02 February 2022

Trying to access the important data locked into the phone of a deceased relative can be a logistical nightmare. But now Apple has launched a new Digital Legacy program to overcome this problem. Senior Associate Solicitor and Director Naomi Dyer reports.

Advances in mobile phone technology have seen us progress from “just a telephone” resembling “a small brick” into the sleek powerful devices that many of us now use. Our phones are now cameras to take photos with, a speaker to listen to music on, a screen to watch films or videos with, or a pocket-sized personal assistant/trainer to help manage our personal and working days. There really is an app for every whim, easily downloadable, straight onto your phone.

All this data remains locked safely within the phone through a combination of passwords, unique thumbprints, or other security measures. However, such protection can mean that without careful forward planning, a sudden unexpected death of a family member could lead to their mobile phone blocking access to their personal or professional material. Under the iCloud Terms of Service, the deceased person’s data would effectively die with them.

Apple is now attempting to simplify this problem for users of iPhones, iPads, MacBooks and other such devices, to provide a trustworthy solution moving forwards. In its recent iOS update (15.2), it has introduced its new Digital Legacy program.

Digital Legacy allows the individual to select and send a message via their phone to a maximum of five people requesting that they become Legacy Contacts. They are most likely to be family members or friends but could also perhaps be trusted professionals like Solicitors or Accountants who may have been, for example, appointed as Executors to act in their Will.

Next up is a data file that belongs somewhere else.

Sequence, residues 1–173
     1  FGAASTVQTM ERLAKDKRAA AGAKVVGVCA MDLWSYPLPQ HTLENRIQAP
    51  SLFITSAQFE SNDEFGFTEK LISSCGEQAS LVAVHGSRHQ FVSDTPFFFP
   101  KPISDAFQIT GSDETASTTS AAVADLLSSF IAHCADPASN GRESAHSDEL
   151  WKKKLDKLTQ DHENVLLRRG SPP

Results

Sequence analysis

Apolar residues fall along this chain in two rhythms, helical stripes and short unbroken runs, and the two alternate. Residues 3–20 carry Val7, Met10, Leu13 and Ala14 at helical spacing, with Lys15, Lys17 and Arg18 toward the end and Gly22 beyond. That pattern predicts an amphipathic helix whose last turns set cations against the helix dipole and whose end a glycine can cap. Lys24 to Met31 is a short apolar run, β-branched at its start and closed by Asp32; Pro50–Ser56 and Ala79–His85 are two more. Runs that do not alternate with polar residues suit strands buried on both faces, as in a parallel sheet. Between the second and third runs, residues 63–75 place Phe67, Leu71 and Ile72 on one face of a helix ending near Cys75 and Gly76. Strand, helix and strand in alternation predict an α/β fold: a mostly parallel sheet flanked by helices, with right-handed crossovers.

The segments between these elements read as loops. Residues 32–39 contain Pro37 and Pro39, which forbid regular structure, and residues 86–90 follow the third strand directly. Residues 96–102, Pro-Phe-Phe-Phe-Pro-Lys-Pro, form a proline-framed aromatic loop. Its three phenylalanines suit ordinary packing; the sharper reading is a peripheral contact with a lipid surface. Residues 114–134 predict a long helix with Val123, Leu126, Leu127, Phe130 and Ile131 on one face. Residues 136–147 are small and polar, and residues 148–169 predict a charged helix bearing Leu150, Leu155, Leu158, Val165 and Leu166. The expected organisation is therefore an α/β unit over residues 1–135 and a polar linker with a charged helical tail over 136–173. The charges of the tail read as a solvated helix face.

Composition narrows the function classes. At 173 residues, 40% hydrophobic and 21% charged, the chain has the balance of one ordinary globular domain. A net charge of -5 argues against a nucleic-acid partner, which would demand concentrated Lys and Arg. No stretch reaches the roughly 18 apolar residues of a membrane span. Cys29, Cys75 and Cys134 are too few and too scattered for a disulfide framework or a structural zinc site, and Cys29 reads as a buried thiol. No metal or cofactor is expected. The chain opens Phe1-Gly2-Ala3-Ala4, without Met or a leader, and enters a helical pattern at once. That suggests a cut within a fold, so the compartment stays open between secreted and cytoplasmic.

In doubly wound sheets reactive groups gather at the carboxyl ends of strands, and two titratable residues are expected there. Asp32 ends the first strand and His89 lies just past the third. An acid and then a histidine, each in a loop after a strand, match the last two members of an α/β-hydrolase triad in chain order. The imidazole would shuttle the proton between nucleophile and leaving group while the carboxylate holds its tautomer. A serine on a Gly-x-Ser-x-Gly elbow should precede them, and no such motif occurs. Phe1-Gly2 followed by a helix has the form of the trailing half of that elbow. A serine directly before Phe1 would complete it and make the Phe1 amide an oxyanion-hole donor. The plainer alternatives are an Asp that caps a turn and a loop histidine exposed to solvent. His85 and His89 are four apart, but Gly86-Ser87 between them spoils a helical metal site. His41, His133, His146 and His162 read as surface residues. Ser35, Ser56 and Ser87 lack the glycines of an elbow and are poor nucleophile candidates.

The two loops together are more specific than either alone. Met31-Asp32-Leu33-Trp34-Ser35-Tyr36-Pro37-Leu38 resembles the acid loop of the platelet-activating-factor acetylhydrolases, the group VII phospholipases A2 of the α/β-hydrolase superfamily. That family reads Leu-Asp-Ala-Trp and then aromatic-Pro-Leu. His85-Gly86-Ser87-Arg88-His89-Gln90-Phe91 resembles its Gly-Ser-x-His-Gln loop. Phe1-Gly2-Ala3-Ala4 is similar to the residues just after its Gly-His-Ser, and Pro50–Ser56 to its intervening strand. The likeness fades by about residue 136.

When the Legacy Contact is notified, the message shares a unique access key with them, and this is then automatically stored in their Apple I.D settings. Additionally, Apple do still require proof of death via a death certificate meaning that nobody can attempt to access the data whilst the individual is still alive. It would be prudent to check with your Legacy contact that they are happy to have this responsibility before sending the message and if they do not own an apple device themselves or perhaps it is too old to update to iOS 15.2, you can instead print a copy of the access key for them or alternatively leave such information with your Will.

After you have died, your chosen Legacy Contacts would be able to access your Apple account data from the phone in a simplified and organised manner instead of the alternative, which could be a timely, expensive, and likely unsuccessful legal battle with Apple, who would fight to protect their customer’s privacy.

At Battens, we would suggest that when you prepare new Wills or update existing ones, careful consideration is given to your digital data and suitable precautions put in place to assist loved ones after death.

For more information contact Naomi Dyer on 01935 814811 or email